As the Jester entered the Inner Sanctum, a violent looking dagger embedded itself in the edge of the door nearest the Jester’s head. He stopped for a moment to collect himself when Saing spat “Explain yourself.”
“My Lord, I was verifying rumors of weaknesses in our Ministry of Intelligence.” The Jester eked out.
“Myself and the others who traveled with me went to celebrate the Minstrel of Middletowne and quietly tell some unreliables a few small tales. It was our intent to see if the information was picked up by Benedict’s agents.”
“Get out then.”
Not having to be told twice, the Jester turned and left, but not before noticing a map, drawn to show Gothex, not as a border country but as a small empire nestled between two giants. The Jester caught his breath.
“Fool, do you have something to say?”
“No mi’lord.” And with that, he slipped out into the antechamber.
To a guard standing post the Jester queried, “Where is the General?”
“Always in the war room.” Came the reply. As soon as the Jester turned the corner, another door opened and a man known only as the son of Lambare entered.
“Was that he?”
“Who? The Fool? Yes, that’s him. He and the General are old friends.”
“Then you have done well. Here is your reward.” The man tossed a bag of coins to the guard who missed them. As he bent over to pick up his earnings, he felt the hot point of a dagger penetrate his back to the left of his spine, burying its point in the rear of his heart. “Not
that you’ll have the time to spend it.” The assassin said.
Moving quickly, the wandering clown made it through the maze to the war room. “My friend? Is it time?”
“The time is now.”
“I will pass along the word. Go safely my friend.”
That night, as the Jester slept, he had terrible dreams. He awoke with a fever and needed fresh air. Crossing over to open the drapes of a window in his bedroom, he noticed wet footprints at the foot of his bed. Instantly alert, the Jester squinted his eyes to better see into the shadows of his room.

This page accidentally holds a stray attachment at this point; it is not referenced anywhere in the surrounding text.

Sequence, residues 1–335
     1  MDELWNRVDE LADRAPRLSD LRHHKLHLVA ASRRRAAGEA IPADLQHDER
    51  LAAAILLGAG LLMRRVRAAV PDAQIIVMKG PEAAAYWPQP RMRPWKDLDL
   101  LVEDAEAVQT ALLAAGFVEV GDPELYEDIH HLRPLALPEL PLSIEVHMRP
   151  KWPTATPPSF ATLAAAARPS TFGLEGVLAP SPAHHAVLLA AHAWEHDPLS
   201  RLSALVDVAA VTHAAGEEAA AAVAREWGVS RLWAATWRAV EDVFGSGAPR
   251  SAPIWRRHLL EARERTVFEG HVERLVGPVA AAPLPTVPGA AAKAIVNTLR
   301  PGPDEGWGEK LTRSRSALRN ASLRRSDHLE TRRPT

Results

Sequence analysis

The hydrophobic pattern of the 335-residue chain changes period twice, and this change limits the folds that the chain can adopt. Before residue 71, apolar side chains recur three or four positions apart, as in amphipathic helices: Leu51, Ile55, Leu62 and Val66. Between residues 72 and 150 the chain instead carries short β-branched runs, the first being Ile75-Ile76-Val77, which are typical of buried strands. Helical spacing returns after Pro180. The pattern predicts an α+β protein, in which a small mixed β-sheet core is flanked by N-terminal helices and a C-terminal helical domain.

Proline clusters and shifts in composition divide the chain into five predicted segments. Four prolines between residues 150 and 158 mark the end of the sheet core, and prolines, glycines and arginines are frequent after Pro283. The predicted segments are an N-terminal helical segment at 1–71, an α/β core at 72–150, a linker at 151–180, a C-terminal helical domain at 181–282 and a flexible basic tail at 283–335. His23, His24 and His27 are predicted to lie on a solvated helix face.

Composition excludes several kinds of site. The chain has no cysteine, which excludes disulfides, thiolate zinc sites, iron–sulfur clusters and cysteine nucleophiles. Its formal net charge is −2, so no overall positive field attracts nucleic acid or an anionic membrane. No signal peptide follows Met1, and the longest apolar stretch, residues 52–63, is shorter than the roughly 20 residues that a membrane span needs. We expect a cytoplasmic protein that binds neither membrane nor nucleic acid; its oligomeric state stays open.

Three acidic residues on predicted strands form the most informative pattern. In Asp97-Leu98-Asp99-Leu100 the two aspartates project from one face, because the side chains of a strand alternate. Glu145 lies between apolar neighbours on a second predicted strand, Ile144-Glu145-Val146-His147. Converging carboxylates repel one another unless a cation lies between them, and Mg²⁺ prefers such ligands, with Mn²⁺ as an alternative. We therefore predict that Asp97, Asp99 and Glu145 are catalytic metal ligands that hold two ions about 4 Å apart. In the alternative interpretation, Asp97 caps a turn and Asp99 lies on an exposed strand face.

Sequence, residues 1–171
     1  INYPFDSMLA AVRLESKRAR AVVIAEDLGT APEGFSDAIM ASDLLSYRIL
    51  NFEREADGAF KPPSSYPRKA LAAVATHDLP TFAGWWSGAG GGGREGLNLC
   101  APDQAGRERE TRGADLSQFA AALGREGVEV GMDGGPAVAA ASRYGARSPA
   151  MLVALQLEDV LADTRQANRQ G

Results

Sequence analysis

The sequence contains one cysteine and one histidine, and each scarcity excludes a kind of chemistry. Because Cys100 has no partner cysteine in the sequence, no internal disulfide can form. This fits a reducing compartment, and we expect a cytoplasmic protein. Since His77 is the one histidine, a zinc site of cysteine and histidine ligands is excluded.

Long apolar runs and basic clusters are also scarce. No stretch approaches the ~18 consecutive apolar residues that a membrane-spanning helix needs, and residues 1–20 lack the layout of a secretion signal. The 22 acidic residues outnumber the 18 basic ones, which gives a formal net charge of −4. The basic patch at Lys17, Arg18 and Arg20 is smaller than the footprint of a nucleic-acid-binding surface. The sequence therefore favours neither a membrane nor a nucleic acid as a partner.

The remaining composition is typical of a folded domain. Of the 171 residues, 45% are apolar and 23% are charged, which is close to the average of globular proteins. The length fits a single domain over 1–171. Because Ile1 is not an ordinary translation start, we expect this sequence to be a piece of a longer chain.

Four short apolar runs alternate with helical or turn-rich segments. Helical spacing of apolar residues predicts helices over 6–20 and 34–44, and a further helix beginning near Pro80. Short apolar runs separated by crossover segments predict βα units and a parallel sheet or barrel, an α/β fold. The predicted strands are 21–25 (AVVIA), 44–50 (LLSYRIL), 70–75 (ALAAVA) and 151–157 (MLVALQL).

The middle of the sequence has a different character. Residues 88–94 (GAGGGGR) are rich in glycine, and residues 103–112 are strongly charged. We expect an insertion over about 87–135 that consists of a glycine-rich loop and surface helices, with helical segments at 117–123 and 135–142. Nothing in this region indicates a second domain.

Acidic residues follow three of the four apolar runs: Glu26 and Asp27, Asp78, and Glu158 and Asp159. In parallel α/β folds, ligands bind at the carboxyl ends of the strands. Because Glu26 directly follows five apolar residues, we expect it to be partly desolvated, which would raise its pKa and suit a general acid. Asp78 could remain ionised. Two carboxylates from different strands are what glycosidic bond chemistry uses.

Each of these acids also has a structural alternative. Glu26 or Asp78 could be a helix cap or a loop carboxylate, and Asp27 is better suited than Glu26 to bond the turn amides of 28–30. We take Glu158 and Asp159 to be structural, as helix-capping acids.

He did not hear the assailant behind him. It was too late; he felt the garrote go tight around his neck. Reacting without thinking he slipped his fingers into the strangle hold to try and catch a breath. At the same time he bent over forward, throwing the attacker off balance and crashing into a low table. Before he was able to recover, the Fool was knocked to the ground, pinned on his back, under the weight of the killer. Through the window, moonlight glinted off the killing device, a long thin handled dagger meant for the heart. Holding the dagger above his head the assassin hissed, “You cannot stop P’jai’us!”
Then everything went wrong.
Lady de ‘Gruse, awakened by the struggle, saw her husband about to be murdered, threw the candlestick holder with inhuman force striking the knife wielder in the back of the head and hands.
As the blade went skating into a darkened corner, the now unarmed attacker fled out the open window, escaping into the damp night.
Twenty-three days later, the messenger fell from his horse in front of a small shop where the Jester was still buying gifts for his bride.
Half dead, he handed a scroll to a man he had never met, but would knew on sight.
The Jester took the parchment.
The three words had arrived.